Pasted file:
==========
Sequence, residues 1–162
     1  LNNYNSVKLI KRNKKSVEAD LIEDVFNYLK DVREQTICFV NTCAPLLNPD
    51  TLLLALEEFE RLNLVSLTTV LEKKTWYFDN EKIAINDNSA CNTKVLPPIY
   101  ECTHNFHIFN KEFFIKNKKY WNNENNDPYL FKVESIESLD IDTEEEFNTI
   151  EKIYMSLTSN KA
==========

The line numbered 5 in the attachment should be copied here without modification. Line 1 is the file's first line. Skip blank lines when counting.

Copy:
   151  EKIYMSLTSN KA